Fellini News Update #22

  • July 22, 2013

1) Criterion Current:

The Criterion Collection website publishes a series of film essays, news, interviews and photo/video galleries about film. They call it, Current. They recently published a photo-gallery titled, Around the World with 8 1/2, in honor of the films worldwide release 50 years ago.

The gallery features 14 select poster and other memorabilia images from the Felliniana Archive, including the newest acquisition to the collection, an original Polish poster for 8 1/2. Many more images from that film can be viewed at the Felliniana website.

2) Felliniana Website Upgrade

The Felliniana Archive website has been upgraded with a sleek and simplified new look that's easier to navigate. It includes many more images from the collection and all previous issues of Fellini News Update dating back to 2003.

You can also watch a video from 2006 of a Felliniana Archive exhibition in Fort Worth, Texas that shows hundreds of rare posters from the collection set to music by Nino Rota.

Thanks to Mr. Tony Bradshaw for getting the website ship-shape.

3) Saraghina & Her Rhumba

July 16 was the birthdate of actress, Eddra Gale, who played the role of Saraghina in Fellini's 8 1/2. Her silly-sexy rhumba dance on the beach in that classic film is itself a classic moment in cinema. Read more about the Chicago native and former opera singer in Fellini New Update #18.

I recently learned that Saraghina's Rhumba was not composed by Nino Rota but adapted and reinvented by him from a 1931 tune by Walter G. Samuels and Leonard Whitcup titled, Fiesta (aka: Bianca). Recorded music was often played on a Fellini film set during rehearsals to set a mood. Most likely, Rota heard the song and adapted adapted it for the Saraghina dance sequence.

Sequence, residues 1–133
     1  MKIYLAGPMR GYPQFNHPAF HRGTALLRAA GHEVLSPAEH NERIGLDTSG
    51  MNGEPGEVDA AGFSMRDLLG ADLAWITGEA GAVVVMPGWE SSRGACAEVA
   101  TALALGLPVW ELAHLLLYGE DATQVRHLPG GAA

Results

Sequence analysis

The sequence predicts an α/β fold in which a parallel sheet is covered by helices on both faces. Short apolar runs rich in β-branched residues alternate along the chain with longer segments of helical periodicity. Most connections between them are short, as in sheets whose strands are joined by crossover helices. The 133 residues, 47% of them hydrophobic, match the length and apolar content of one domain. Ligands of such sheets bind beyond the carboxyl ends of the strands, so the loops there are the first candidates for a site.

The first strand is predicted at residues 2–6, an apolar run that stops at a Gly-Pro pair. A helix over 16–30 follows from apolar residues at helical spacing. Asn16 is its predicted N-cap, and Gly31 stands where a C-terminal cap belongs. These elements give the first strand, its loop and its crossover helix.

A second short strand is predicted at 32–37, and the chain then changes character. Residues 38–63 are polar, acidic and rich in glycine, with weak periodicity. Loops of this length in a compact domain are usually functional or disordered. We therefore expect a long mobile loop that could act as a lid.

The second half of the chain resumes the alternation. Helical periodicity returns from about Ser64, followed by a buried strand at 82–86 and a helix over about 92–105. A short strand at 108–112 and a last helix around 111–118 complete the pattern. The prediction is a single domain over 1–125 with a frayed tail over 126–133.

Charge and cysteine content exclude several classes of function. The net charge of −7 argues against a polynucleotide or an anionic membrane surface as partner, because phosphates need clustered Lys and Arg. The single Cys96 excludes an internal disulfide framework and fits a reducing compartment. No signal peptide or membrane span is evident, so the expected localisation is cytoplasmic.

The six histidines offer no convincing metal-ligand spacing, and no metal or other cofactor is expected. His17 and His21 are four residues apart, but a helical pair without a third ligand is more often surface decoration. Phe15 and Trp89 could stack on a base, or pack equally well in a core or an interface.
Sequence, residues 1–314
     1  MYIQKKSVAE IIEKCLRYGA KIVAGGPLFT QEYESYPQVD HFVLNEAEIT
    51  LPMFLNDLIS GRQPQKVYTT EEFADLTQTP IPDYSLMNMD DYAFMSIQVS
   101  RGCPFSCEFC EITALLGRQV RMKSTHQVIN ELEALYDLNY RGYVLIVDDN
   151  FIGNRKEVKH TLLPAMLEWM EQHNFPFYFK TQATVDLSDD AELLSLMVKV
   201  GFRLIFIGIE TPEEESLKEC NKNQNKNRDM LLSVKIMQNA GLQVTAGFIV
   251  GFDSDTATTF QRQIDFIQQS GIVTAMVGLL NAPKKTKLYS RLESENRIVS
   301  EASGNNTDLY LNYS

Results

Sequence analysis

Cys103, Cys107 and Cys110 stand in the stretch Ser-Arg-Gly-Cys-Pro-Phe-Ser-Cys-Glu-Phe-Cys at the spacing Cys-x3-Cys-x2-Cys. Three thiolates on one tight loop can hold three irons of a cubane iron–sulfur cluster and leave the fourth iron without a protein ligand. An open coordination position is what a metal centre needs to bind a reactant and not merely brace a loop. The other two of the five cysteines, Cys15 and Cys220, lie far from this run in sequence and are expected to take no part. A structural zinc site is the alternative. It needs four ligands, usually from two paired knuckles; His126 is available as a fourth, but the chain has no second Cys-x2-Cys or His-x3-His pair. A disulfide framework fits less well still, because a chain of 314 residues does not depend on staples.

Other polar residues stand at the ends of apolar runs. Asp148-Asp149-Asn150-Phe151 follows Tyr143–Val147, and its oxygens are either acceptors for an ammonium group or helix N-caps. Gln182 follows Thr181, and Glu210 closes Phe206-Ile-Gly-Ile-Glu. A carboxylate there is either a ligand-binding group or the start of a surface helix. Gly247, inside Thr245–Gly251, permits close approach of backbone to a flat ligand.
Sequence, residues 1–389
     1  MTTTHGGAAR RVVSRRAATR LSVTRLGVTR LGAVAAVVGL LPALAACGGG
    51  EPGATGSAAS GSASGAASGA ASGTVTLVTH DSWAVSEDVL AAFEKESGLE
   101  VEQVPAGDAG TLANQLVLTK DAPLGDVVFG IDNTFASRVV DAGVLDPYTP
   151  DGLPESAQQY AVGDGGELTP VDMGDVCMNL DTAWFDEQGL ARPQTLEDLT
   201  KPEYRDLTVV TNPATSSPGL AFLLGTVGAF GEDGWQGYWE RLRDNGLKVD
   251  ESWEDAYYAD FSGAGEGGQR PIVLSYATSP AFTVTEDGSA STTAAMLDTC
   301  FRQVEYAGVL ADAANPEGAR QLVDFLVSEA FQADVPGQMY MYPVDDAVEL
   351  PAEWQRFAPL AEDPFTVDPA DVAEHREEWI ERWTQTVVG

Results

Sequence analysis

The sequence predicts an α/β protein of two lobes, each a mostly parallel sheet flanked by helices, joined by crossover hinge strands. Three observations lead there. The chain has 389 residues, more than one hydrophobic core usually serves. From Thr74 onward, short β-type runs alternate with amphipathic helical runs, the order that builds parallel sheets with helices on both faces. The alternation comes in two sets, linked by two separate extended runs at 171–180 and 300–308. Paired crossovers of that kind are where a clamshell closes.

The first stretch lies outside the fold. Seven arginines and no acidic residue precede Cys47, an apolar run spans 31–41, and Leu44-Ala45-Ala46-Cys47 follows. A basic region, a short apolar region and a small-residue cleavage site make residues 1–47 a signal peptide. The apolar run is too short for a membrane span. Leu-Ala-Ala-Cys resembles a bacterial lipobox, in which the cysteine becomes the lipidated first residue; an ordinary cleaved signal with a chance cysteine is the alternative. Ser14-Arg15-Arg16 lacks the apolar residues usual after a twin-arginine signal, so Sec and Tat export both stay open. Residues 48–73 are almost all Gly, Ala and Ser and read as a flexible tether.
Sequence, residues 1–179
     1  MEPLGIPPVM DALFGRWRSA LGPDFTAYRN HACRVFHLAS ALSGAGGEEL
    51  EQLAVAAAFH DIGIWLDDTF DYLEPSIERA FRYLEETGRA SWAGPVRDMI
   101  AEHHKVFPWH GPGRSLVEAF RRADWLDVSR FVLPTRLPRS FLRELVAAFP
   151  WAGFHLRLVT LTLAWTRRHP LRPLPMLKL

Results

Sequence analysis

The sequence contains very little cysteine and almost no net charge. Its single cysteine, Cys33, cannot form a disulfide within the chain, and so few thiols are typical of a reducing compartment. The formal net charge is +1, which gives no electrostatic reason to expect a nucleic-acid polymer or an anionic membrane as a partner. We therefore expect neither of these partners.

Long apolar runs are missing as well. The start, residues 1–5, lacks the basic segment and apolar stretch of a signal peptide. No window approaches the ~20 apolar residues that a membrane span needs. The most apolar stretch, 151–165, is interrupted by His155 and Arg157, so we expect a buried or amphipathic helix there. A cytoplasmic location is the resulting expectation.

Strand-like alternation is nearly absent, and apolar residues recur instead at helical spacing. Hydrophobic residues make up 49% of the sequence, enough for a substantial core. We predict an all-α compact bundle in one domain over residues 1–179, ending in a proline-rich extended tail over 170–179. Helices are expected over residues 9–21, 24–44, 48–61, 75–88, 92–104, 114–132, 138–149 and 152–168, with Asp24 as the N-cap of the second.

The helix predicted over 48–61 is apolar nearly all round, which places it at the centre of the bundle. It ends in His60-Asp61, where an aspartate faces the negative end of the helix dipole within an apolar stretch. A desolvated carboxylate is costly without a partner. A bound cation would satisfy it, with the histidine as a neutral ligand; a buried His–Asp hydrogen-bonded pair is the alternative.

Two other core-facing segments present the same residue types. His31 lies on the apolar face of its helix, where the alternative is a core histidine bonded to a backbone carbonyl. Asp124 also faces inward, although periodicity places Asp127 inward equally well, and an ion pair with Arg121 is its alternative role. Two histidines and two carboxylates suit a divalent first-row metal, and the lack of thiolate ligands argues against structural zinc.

Here's a crazy Roaring Twenties version in German by the Paul Godwin Tanz Orchestra:

...and a more Rota-esque 1931 version by the Otto Dobrindt Tanzorchester:

Here's a red-hot version of the song performed by the German group, 17 Hippies in 2005 that will make you want to dance:

Illustration by Laura Hines, 2011

4) Orchestra Nostalgico is Back!

The ultimate Nino Rota tribute band is recording a new CD of Fellini-Rota and other film music. The San Francisco based ensemble, Orchestra Nostalgico's second album of Fellini-Rota music is due out this Fall and features newly arranged tunes from Amarcord, Juliet of the Spirits, Casanova and a much anticipated version of Saraghina's Rhumba from 8 1/2. Stay tuned.

5) 50 Years of Influence

The 50th anniversary of 8 1/2 has produced a crop of news articles, reviews and tributes honoring and extolling the films influence.

Here's a sampling:

6) Going to Amsterdam?

If you are, stop by Fellini: The Exhibition. Photographs; Posters; Films; Talks; Events. June 30 - September 22 at EYE, the national film institute of the Netherlands.

7) FF & Academia

Fellini took an anti-intellectual approach to his films but academicians swarm like flies to unravel his cinematic riddles. Fellini: Disorderly and Passionate Genius of Italian Cinema is name of a conference being organized by the Department of Language Studies, University of Toronto Mississauga. The takes place, October 17 - 19. There is a very interesting list of subjects in their call for papers. Read about it here.